NEWS
May 30, 2000 | From Times Wire Reports
West African leaders agreed to send 3,000 troops to Sierra Leone to help U.N. peacekeepers who have suffered rebel attacks and seen their colleagues kidnapped. Although a statement released by the heads of state meeting in Abuja, the Nigerian capital, did not specify how many troops would be sent, officials at the conference said on condition of anonymity that leaders had endorsed a proposal made by regional defense ministers two weeks ago to send 3,000 soldiers, most of them Nigerian.
NEWS
May 10, 2000 | NORMAN KEMPSTER and ANN M. SIMMONS, TIMES STAFF WRITERS
With the Clinton administration offering economic and technical support, West African leaders agreed Tuesday to consider sending a Nigerian-led military force to restore order in Sierra Leone, a step that would amount to a vote of no confidence in beleaguered U.N. peacekeepers.
NEWS
July 20, 1998 | ANN M. SIMMONS, TIMES STAFF WRITER
To hear southern Nigerians tell it, the people from the North in this populous West African nation are to blame for the military's long stranglehold on power. Generals from the mostly conservative Hausa and Fulani northern clans have held tightly to control, southerners maintain, draining the South of its oil wealth and other resources and giving nothing in return to its dominant Yoruba group and ethnic minorities.
NEWS
July 9, 1998 | ANN M. SIMMONS, TIMES STAFF WRITER
As fatal rioting rocked Nigeria and its military leader dissolved his Cabinet, analysts said Wednesday that the death of Moshood Abiola, the nation's most prominent political prisoner, has complicated and probably delayed prospects for a peaceful push for democracy there. Foes of the Nigerian military regime, observers said, now must scramble to find another figurehead for their struggle against political and civil injustice, after Abiola died Tuesday from what was apparently a heart attack.
NEWS
May 9, 1998 | From Times Wire Reports
The military junta has arrested the leader of a human rights group that led several recent protests against the regime. Olisa Agbakoba, chairman of United Action for Democracy, was seized by police at the international airport in Lagos upon his return from Ghana, the group said in a statement. Police declined to comment. The group claimed responsibility for an anti-government protest in the southwestern city of Ibadan last week that left seven people dead and dozens of cars and homes burned.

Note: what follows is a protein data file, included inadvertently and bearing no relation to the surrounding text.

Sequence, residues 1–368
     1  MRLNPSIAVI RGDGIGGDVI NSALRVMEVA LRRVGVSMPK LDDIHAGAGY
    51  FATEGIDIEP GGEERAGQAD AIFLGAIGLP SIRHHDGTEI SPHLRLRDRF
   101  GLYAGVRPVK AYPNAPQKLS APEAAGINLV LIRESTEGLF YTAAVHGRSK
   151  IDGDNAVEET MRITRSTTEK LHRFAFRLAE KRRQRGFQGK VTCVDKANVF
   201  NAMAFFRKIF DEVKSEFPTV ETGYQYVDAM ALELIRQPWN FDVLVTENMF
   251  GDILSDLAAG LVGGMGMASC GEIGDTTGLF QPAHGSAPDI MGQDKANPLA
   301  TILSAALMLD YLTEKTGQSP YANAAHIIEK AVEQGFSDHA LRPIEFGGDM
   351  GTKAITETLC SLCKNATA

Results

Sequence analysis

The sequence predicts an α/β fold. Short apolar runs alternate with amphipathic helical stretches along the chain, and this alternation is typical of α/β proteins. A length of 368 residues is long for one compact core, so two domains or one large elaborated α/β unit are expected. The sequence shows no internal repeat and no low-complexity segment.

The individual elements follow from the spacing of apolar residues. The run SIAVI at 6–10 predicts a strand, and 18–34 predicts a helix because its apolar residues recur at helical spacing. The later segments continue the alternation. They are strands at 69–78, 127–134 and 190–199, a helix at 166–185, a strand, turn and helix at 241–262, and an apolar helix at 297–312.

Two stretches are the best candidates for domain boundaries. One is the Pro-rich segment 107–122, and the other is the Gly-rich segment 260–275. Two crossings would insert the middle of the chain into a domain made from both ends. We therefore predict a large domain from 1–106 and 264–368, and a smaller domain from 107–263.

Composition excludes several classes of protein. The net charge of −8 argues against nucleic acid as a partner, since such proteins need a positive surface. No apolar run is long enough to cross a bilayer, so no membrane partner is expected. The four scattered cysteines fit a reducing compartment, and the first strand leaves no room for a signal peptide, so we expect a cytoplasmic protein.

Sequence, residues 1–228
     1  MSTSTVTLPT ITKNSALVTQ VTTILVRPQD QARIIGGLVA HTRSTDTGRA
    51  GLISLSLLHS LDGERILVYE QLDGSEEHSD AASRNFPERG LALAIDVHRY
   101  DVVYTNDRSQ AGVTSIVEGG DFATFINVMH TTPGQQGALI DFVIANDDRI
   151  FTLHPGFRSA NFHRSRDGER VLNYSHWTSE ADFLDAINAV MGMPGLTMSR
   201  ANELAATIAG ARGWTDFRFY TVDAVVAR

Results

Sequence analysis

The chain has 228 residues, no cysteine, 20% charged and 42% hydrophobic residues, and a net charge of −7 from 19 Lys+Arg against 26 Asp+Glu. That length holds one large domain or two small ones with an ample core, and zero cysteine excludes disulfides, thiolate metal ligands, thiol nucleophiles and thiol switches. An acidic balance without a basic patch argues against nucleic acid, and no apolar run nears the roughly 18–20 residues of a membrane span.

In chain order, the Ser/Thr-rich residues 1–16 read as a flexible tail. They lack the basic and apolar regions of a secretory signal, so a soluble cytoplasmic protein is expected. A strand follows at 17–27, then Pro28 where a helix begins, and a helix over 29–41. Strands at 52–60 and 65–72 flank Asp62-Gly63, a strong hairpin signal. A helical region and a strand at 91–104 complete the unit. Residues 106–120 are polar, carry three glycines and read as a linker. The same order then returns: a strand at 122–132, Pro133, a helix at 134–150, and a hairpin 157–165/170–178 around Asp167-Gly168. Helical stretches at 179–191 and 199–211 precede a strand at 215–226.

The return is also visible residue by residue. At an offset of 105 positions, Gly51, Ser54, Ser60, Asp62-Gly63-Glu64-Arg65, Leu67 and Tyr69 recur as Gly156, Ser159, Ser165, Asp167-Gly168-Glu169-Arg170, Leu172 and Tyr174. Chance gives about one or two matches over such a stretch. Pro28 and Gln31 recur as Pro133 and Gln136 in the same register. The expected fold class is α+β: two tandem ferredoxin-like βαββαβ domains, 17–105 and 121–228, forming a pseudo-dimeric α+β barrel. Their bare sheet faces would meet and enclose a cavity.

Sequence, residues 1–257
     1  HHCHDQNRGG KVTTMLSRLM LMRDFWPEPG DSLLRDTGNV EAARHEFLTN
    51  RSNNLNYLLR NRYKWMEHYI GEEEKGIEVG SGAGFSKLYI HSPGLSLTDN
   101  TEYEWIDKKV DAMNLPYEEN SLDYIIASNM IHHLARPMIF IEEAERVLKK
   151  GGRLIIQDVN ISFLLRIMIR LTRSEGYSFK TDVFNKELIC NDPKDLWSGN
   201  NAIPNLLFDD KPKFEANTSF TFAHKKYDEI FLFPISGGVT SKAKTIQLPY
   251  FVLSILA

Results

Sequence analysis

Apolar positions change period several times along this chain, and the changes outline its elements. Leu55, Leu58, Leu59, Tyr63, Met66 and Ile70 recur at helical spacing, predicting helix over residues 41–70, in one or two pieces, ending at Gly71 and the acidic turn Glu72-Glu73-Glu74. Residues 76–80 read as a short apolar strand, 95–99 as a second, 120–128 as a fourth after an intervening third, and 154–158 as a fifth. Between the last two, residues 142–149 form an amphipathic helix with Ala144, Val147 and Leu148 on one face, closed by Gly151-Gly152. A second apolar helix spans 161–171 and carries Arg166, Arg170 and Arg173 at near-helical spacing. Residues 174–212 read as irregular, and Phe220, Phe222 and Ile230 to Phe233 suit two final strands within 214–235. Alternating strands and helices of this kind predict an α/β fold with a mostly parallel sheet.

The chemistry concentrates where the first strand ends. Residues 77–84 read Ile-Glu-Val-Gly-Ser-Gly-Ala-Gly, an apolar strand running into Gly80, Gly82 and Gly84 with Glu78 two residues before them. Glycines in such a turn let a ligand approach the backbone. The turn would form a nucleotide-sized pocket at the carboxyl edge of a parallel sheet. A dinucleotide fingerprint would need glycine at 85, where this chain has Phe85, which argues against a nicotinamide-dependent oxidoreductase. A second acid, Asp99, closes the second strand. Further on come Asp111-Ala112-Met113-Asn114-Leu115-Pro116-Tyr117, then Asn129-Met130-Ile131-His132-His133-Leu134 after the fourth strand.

NEWS
November 18, 1995 | BOB DROGIN, TIMES STAFF WRITER
As President Clinton and other world leaders consider imposing harsh sanctions on Nigeria's military dictatorship following the executions of nine political activists, several crucial questions loom. Can Gen. Sani Abacha, who marked his second anniversary in power Friday, be persuaded to step down? Will the army, which has run Nigeria at gunpoint for 25 of the last 35 years, finally return to the barracks? If democracy is restored, can it be sustained?
NEWS
July 20, 1998 | ANN M. SIMMONS, TIMES STAFF WRITER
To hear southern Nigerians tell it, the people from the North in this populous West African nation are to blame for the military's long stranglehold on power. Generals from the mostly conservative Hausa and Fulani northern clans have held tightly to control, southerners maintain, draining the South of its oil wealth and other resources and giving nothing in return to its dominant Yoruba group and ethnic minorities.
NEWS
June 27, 1993 | From Associated Press
The nation's military ruler on Saturday announced new Nigerian presidential elections to replace the June 12 balloting he annulled, and he barred the two candidates who ran earlier from running again. Gen. Ibrahim Babangida made the startling announcement in his first nationwide television address since he abruptly voided the election, which was contested by two wealthy friends whose parties he created. He gave no date for the elections.
NEWS
September 1, 1995 | BOB DROGIN, TIMES STAFF WRITER
To hear Nigeria's top officials tell it, President Clinton and other concerned Western leaders need not worry about gross human rights abuses and jailing of political prisoners by the military clique that controls Africa's most populous nation. "No one is held in Nigeria for his political views," Foreign Minister Tom Ikimi told reporters here Thursday. "No one is held because he is a journalist or because of his writing." Ikimi said it is impossible for Gen.
NEWS
August 13, 1993 | From Times Wire Services
This loud, chaotic city of 6 million people was desolate and silent Thursday except for the whir of army helicopters and clomp of combat boots worn by edgy soldiers. Nearly everyone in Lagos appeared to heed a national strike to protest the nullification of an election that was to return Nigeria to civilian rule after a decade of military dictatorship. Nigeria's second-biggest city, Ibadan, 80 miles north of Lagos, was also at a virtual standstill, residents said.
Los Angeles Times Articles
|